International Cooperation: Working within existing legal and multilateral nuclear security frameworks, U.S. nuclear security cooperative activities help states worldwide meet their nuclear security obligations, uphold the highest international nuclear security recommendations and standards, and maximize the peaceful benefits of nuclear materials while reducing the risks of their misuse. In its Fiscal Year 2011 budget request, the U.S. has requested the largest amount ever – $1.6 billion, a 31% increase over the previous year – for these programs across multiple agencies working with countries around the world.
United Nations Security Council Resolution 1540: In 2009 the UN Security Council created a committee to assist states in implementing their obligations under this universal, binding resolution. The United States has proposed, and intends to contribute to, a voluntary fund to help countries meet the obligations this resolution places on them, and to match them up with wide range of national, international, and nongovernmental sources of assistance.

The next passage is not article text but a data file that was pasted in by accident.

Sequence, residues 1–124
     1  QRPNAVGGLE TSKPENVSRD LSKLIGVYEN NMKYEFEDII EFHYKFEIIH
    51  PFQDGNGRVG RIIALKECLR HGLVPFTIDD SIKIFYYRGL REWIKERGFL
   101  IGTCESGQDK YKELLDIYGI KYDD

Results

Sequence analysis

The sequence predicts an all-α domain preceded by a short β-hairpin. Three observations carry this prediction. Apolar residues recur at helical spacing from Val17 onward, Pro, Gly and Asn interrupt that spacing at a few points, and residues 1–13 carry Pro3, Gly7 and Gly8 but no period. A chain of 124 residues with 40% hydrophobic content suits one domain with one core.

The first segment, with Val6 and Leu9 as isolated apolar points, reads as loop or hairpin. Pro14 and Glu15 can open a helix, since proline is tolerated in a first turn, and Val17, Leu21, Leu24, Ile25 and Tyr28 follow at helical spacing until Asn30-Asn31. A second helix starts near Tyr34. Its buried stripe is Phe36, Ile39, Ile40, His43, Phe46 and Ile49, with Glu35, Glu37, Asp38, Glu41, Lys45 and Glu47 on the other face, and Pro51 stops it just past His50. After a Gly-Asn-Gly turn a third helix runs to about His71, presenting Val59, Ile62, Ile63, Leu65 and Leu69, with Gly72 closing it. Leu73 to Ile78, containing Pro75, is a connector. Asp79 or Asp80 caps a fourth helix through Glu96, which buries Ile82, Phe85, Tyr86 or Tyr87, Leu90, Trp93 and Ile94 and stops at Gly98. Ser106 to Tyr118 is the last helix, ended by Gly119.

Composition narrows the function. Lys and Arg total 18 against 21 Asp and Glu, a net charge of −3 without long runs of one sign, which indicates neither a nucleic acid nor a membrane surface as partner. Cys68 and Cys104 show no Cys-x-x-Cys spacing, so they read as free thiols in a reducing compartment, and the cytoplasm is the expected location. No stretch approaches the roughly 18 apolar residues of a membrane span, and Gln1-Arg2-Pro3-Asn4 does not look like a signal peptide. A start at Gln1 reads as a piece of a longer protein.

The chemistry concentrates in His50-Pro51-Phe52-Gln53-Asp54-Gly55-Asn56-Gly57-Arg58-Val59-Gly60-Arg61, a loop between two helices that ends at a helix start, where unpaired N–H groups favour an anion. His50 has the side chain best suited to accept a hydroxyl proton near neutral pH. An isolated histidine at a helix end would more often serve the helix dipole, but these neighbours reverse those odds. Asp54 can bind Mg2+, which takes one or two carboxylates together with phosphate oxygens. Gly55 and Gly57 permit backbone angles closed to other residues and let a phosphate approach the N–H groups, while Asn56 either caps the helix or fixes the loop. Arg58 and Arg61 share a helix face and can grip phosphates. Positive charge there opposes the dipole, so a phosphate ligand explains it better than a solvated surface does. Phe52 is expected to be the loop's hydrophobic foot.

Nuclear Security Programme of the International Atomic Energy Agency: In 2009, the United States led efforts to gain agreement of the 150-plus nations of the International Atomic Energy Agency to establish for the first time a dedicated budget line for nuclear security, which had until then been funded exclusively through voluntary contributions from member states. The U.S. voluntary contribution to this effort has risen 59% since 2007.
G8 Global Partnership Against the Spread of Weapons and Materials of Mass Destruction: In 2002, under the leadership of Canada, the G8 committed $20 billion over ten years to stop the spread of weapons of mass destruction. Eight years later, the 23 G8 Partners have allocated more than $18 billion to this effort. We have made progress with Russia to eliminate stocks of chemical weapons and to dismantle decommissioned nuclear submarines. We are ready to join with our Canadian colleagues and call for another ten-year extension with an expanded scope/mission and to commit up to another $10 billion towards new projects, including expanding our efforts to improving nuclear security to countries not previously eligible for G8 assistance.